US Bans Imports From Chinese Fishing Company Citing Seafarer Welfare
By David Lawder (Reuters) – U.S. Customs and Border Protection on Friday imposed a new import ban on seafood from a Chinese fishing fleet that the agency says is using...
The Port of Los Angeles, the country’s busiest container port, faces an uncertain future. A $5.25-billion project will make the Panama Canal wider and deeper, allowing ships from China to bypass West Coast ports for deepwater ports on the US Gulf Coast and East Coast. Experts suggest that as much as a quarter of the approximately 60 million tons of cargo – nearly 8 million TEU’s in 2011 – Los Angeles and neighboring Long Beach handles each year could be diverted, shrinking both the size and importance of the terminals. But the canal is not the port’s only competition.
Early last month APM Terminals, the ports arm of Danish oil and shipping group A.P. Moller-Maersk, signed a 32-year concession contract with the Port of Lazaro Cardenas (APILAC) for the design, financing, construction, operation, and maintenance of a new specialized container terminal at the port.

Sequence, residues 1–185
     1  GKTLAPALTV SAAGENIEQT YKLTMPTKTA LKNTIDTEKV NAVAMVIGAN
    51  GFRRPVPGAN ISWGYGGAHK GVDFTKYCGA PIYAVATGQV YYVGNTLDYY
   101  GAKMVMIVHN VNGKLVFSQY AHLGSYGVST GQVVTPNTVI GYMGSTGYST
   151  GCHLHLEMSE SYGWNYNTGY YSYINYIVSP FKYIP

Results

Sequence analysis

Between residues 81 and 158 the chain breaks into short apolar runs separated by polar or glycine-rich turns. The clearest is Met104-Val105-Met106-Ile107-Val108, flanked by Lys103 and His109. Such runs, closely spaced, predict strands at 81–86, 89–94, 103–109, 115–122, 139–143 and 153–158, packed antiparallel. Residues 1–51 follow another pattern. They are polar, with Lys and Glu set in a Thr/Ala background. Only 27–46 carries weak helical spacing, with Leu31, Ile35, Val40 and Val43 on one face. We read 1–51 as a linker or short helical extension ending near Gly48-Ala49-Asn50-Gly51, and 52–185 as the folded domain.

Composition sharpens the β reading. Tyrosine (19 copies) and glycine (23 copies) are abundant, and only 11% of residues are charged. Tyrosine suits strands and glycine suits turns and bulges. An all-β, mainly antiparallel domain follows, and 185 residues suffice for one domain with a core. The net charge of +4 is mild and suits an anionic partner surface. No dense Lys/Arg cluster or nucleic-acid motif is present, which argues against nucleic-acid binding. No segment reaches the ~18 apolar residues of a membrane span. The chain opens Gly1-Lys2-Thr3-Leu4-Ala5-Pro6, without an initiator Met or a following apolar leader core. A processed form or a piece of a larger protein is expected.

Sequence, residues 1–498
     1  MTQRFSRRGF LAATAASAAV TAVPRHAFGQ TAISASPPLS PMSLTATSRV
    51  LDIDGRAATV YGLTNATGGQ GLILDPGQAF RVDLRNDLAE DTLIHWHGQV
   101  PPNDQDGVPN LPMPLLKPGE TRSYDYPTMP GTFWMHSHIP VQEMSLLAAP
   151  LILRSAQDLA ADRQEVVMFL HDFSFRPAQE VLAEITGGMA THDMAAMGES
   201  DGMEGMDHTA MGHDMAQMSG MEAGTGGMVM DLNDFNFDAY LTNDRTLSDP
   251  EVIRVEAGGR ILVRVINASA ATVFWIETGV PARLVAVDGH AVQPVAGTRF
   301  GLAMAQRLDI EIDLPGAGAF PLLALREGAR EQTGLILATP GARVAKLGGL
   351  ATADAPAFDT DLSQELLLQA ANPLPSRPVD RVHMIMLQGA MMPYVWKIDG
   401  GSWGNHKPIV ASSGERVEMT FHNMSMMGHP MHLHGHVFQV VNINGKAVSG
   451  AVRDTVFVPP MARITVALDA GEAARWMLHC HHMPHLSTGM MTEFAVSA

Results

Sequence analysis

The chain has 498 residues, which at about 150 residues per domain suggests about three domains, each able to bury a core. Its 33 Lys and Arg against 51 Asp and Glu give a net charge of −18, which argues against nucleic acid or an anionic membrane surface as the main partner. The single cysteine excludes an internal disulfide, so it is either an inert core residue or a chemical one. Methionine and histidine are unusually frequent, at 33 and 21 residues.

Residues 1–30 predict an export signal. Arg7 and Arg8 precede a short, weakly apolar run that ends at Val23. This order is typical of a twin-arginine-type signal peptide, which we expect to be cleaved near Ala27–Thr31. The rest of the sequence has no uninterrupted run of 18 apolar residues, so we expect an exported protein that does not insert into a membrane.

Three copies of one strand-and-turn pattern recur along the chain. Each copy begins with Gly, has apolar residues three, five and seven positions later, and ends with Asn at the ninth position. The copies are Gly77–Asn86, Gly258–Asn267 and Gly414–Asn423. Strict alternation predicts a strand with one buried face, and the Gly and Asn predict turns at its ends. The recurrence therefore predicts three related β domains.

APM Terminals will start construction on Mexico’s new super port by September of this year. The first phase will be completed in 2015, costing over USD 300 million. The terminal will undergo a phased expansion in accordance with provisions stipulated in the concession agreement. The entire project will require an investment of over USD 900 million.
“This agreement shows our confidence in the future of the Mexican market. Our investment and expertise will help transform the nation’s competitiveness through an efficient, integrated port and inland service network. We look forward to working closely with Mexican leaders and applaud their timing and vision for this vital infrastructure project” stated JD Nielsen, Managing Director, APM Terminals Lazaro Cardenas SA de CV. Once completed, the terminal will offer a total area of 102 hectares, with 1,485 meters of quay, and water depth along the channel and quay of 16.5 meters.
The port handled 160,000 TEU in 2005 but with the improvement of roads and rail service to the United States via Kansas City Southern Railway, the port is estimated to reach a total annual capacity of 2.2 million TEU after the expansion is complete.
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